And then I visited the Fort McMurray Tourism Spring Trade Show. I didn’t know how I would feel about it, as last year on the final day of that trade show events began to unfold, eventually leading to May 3. The trade show last year ended with a hasty flip from field house hosting a trade show to field house hosting an evacuation centre, and I recalled very clearly how last year I watched water bombers in the sky, fighting the fires popping up around the city. I remember being there as the show ended and walking to my car, finding it covered in ash, and before I could even start the engine my phone rang with the news that evacuees would soon be arriving. For me, it all truly began on Sunday May 1, 2016, as I dropped my purse back in my office and headed back to the trade show floor, this time not to shop but to set up tables and chairs for weary community members who had to leave their homes. Somehow, my instinct told me that day that things were serious and about to get far more so; it wasn’t until May 3 that my instinct clocked me with an “I told you so” as I fled the city late that day.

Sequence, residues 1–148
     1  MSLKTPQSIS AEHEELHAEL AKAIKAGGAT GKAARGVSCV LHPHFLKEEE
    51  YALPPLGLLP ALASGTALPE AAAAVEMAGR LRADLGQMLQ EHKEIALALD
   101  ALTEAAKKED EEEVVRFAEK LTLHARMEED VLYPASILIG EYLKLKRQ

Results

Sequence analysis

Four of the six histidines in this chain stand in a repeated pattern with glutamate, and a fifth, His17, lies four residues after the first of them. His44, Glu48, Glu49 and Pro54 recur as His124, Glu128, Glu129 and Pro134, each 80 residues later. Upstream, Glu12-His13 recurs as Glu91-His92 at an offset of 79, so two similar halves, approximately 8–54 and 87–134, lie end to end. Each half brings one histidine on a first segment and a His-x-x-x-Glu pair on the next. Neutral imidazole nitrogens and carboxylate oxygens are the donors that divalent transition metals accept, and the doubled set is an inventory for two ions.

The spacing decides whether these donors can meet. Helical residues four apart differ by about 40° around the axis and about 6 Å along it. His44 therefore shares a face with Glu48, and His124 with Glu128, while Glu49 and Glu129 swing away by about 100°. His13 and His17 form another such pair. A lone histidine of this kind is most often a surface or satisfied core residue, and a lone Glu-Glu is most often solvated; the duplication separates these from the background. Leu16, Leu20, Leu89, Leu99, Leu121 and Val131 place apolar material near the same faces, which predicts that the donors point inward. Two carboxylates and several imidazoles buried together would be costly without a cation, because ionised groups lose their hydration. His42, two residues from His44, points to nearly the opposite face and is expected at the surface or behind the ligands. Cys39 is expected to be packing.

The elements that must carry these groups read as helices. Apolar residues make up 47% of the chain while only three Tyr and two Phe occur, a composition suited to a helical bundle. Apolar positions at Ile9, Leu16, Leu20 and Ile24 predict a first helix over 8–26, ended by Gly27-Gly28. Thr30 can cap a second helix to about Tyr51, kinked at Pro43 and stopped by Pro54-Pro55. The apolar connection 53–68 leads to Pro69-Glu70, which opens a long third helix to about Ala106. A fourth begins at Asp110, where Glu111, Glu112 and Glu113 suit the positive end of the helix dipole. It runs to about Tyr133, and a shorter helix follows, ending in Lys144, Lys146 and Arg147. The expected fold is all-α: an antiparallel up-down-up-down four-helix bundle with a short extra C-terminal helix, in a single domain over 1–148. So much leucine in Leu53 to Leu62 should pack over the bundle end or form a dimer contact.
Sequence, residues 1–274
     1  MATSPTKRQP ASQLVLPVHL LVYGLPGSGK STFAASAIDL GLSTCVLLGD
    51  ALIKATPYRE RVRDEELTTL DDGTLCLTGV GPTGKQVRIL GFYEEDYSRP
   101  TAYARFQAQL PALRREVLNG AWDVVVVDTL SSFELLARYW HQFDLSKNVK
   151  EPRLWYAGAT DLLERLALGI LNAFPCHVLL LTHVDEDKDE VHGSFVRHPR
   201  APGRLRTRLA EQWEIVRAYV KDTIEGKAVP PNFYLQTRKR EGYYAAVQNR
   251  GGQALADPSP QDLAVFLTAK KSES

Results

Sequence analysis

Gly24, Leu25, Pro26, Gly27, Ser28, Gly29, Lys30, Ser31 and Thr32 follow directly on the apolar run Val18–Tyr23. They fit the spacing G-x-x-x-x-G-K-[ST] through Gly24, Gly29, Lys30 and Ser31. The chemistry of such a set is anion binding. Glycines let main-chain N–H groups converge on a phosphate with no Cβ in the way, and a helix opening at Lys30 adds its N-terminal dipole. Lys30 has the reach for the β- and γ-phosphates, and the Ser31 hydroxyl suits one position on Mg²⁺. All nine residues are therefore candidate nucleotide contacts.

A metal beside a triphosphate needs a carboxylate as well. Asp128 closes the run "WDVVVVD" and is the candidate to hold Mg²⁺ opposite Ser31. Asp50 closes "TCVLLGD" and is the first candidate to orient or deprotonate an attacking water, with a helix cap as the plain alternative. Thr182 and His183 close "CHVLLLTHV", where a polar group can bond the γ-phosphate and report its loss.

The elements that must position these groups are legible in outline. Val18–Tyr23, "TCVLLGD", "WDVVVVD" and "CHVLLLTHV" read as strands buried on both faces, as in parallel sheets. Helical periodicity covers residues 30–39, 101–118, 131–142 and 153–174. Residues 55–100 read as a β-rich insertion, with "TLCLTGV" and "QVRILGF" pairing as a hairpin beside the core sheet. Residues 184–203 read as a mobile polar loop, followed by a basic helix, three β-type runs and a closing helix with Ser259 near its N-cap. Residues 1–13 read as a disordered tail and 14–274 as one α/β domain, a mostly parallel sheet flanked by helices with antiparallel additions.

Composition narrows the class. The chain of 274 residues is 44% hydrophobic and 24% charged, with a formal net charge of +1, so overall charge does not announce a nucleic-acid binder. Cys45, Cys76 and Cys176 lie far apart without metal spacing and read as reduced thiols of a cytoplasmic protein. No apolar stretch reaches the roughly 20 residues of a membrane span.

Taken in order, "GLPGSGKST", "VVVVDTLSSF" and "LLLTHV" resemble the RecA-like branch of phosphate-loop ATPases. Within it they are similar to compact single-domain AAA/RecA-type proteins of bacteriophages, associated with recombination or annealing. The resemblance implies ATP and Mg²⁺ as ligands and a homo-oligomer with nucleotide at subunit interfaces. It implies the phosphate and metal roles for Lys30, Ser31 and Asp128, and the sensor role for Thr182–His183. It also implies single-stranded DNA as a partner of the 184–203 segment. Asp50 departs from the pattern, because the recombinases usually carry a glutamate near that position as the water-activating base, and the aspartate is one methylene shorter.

So how would the tradeshow feel this year, I wondered? Would it provoke memories of that day and would it take me back to moments in time before everything felt different?
The answer is yes…and no. The trade show felt almost exactly as it does every year, but even better. I saw dozens of people I know and met some new ones, including those beginning new business ventures and taking that leap of enormous faith. And it was packed, the line for admittance backed up just as it used to be, and the aisles in between the booths completely jammed with people, most of them toting various shopping bags. It was trade show mayhem at its most glorious, and what was most striking is how it felt.